Traditionally, most conditions have been treated with surgery to treat chronic pain or repair an injury. In some cases, surgical treatment is the one of choice, depending on the severity and situation of the injury.

However, nowadays conservative therapies are used more and more, which include non-invasive and comprehensive care, with the purpose of relieving pain, healing the injury and/or reducing the risk of progression and complications. Examples of conservative treatment in musculoskeletal injuries include:

  • Pharmacotherapy
  • Physiotherapy
  • Immobilizations
  • Repose
  • Infiltrations

It is advisable to use this as first-line management, especially when it can prevent the progression of the damage of the lesion and thus avoiding surgery. An example is prolotherapy, which favors the rapid and natural recovery of the tissue, helping to avoid surgery just to eliminate pain. As mentioned above, surgical treatments may be unavoidable, so you should always see a specialist who handles conservative therapies (such as a sports medicine doctor) for a second opinion.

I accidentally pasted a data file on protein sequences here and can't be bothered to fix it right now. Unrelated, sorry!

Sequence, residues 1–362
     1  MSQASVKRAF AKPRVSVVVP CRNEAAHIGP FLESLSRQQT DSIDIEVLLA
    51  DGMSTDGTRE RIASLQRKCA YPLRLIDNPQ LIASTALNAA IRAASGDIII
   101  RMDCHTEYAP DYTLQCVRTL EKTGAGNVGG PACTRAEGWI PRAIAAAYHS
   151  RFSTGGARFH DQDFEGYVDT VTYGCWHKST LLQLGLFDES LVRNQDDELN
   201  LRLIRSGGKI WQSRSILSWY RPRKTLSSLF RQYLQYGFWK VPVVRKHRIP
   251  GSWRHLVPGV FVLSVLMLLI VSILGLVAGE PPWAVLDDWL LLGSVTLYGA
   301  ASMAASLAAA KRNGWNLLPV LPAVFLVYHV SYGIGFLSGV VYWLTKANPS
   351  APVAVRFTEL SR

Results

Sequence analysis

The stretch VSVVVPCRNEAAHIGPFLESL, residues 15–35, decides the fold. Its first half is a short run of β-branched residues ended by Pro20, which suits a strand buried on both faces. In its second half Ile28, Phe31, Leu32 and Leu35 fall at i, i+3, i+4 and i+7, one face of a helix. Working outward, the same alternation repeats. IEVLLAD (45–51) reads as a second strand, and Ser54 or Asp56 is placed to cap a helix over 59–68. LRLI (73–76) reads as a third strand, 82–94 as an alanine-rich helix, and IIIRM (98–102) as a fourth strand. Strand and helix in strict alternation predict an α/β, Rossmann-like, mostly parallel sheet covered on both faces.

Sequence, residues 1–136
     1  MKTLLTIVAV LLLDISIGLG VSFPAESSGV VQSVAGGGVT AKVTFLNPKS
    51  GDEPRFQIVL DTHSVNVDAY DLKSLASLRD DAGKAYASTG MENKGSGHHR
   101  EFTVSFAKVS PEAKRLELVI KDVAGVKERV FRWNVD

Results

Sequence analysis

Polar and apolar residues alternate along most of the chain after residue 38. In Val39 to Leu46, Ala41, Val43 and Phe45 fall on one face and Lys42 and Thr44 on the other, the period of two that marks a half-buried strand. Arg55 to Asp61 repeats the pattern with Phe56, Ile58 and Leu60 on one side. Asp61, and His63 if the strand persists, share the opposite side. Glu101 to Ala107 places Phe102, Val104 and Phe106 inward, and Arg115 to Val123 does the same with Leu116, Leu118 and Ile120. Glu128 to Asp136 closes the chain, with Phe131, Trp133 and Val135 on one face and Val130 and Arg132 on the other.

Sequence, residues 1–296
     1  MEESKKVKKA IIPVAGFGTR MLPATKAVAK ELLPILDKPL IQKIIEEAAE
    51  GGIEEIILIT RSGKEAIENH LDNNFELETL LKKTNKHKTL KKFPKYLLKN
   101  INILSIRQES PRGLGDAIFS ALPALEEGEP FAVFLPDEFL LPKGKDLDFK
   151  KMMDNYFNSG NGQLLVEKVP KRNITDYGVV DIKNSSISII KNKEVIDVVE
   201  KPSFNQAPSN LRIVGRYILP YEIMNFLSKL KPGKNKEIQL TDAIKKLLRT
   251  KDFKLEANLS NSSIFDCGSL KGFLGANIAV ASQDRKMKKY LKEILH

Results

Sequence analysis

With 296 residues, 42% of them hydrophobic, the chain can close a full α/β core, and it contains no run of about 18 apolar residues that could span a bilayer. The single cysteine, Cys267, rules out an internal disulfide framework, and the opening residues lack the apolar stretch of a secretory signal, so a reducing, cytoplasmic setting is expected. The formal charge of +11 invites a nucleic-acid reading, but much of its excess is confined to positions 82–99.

What is a musculoskeletal ultrasound used for?

What is a musculoskeletal ultrasound used for?

An ultrasound, also known as sonography, is a safe, non-invasive medical test that produces images of the inside of the body using sound waves, using a probe (transducer) with gel on the skin.

It is mostly used as a diagnostic tool in various branches of medicine. Its use in specialties of the musculoskeletal system has been increasing, especially since it can be applied to all joints and the spine. Ultrasound in these cases can help diagnose alterations such as:

  • Osteoarthritis
  • Tendon tears
  • Hematomas
  • Shoulder rotator cuff tendonitis
  • Sprains
  • Carpal tunnel syndrome
  • Soft tissue masses
  • Cysts

The benefits of this exam are that it is painless, widely accessible, and inexpensive compared to other imaging studies, and does not use radiation. It also has the advantage of being able to be performed in the doctor’s office and show the image in real time, which favors an accurate diagnosis and information on the inflammatory process or injury. Also, the ultrasound is used as a guide for more invasive treatments such as infiltrations, regenerative therapies, among other interventions.

When requiring a medical assessment for a musculoskeletal injury or discomfort, it is preferable to see a doctor with experience and knowledge in ultrasound for a complete and accurate care.